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Led Zep On Trial

LONDON, ENGLAND - SEPTEMBER 21: (L-R) Robert Plant and Jimmy Page attend a press conference to announce Led Zeppelin's new live DVD Celebration day at 8 Northumberland Avenue on September 21, 2012 in London, England. (Photo by Dave J Hogan/Getty Images)

by Martin Kielty, reposted from Team rock (here)

Led Zeppelin’s Robert Plant and Jimmy Page have appeared in LA court for first day of trial over classic track Stairway To Heaven.

They’re accused of having taken a significant part of Spirit’s 1967 track Taurus and used it as the opening riff for their own song, which was released four years later.

But the hearing, before Los Angeles district judge Gary Klausner, could be cut short after the lawyer representing late Spirit guitarist Randy California apparently used evidence that had not been included in trial plans.

Francis Malofiy played a video recording of a guitarist performing the riffs in question, leading Led Zeppelin representative Peter Anderson to object. Judge Klausner said playing the video could be “grounds for a mistrial” if it hadn’t been listed, but Malofiy chose to keep playing it.
He said in his opening statement that his case came down to six words: “Give credit where credit is due.”

Anderson said in his own statement: “45 years ago Jimmy Page and Robert Plant wrote some of the greatest songs in rock’n’roll history – half a century later they’re being sued for it.”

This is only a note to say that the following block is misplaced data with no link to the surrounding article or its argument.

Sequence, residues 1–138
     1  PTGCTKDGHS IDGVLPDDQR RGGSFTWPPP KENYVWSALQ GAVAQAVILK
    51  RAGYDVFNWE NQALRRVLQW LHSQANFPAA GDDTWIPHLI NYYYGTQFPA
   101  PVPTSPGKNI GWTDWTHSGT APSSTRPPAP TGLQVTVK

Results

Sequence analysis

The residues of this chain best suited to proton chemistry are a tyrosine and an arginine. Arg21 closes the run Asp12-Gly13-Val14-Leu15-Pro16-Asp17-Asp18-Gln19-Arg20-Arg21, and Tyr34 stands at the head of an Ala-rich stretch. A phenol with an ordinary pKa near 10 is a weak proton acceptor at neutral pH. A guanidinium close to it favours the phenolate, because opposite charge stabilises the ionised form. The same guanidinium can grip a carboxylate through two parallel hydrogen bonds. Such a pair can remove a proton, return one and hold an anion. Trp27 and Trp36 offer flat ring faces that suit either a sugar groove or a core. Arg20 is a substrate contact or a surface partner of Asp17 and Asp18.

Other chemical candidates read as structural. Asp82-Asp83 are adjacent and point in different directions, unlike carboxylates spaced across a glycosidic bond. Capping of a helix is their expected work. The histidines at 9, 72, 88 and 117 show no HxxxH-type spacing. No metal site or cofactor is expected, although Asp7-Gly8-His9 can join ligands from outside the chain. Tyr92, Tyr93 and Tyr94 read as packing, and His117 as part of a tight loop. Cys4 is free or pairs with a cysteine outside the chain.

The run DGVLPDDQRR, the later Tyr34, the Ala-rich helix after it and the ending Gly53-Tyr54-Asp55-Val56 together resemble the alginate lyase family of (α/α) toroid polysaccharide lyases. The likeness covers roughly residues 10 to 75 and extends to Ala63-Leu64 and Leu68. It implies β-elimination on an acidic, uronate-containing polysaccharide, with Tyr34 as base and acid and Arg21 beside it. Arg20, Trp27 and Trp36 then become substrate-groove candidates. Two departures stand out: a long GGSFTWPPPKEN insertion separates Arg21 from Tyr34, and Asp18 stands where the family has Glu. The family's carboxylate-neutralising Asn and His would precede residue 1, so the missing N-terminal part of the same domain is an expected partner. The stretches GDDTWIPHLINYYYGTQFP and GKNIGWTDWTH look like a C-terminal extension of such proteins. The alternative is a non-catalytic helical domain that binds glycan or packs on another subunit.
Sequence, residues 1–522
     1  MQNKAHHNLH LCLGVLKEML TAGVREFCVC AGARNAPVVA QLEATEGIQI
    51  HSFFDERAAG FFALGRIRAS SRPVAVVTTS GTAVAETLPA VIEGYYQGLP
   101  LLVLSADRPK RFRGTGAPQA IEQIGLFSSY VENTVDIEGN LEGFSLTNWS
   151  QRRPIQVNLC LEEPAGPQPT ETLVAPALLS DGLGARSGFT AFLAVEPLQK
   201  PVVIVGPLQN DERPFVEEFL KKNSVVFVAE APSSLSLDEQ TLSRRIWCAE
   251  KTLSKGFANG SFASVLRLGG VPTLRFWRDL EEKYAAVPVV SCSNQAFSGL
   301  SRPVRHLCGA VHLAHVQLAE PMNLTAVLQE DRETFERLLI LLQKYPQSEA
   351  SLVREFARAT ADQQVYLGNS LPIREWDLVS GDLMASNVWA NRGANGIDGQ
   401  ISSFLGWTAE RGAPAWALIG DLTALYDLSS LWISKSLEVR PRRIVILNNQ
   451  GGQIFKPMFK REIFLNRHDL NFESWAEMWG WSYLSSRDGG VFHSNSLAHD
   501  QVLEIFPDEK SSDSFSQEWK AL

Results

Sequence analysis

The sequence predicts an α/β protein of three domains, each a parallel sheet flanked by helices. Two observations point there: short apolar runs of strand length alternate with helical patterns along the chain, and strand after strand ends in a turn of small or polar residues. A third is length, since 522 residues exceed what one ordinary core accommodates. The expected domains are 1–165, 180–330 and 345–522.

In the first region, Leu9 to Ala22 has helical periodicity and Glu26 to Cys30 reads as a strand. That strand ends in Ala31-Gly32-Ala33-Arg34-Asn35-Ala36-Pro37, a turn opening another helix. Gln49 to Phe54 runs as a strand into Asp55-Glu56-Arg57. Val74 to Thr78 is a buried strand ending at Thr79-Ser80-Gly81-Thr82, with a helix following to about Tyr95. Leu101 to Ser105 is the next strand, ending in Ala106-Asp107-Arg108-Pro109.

Plant and Page said nothing during the hearing, which was mainly taken up with selecting a jury. Bassist John Paul Jones, who was dropped from the list of accused persons in pre-trial hearings, is set to appear as the band’s main witness.

Judge Klausner has imposed a 10-hour limit on the trial, which means it’s likely to last three or four days at most.

1 Comment

  1. Illinois Inmate Search on June 24, 2016 at 9:19 am

    I’m not clear on what specific chord progression was an issue in this case. Was it the intro? That would be something like:

    I- V/VII I-/b7 VI- bVI7 V7 I-

    Let’s see, that’s common to a bunch of tunes, starting with “My Funny Valentine”. The number probably is in the 100s.

    Is it the I, VI, IV, V chord progression that goes along with the Lyrics, “And as we wind on down the road”? If so, oh, many what a can of worms. That chord progression has been around since Pacabell’s time.

    And all of this is to be judged by, you guessed it, people who know nothing at all of harmonic progressions. Lovely.

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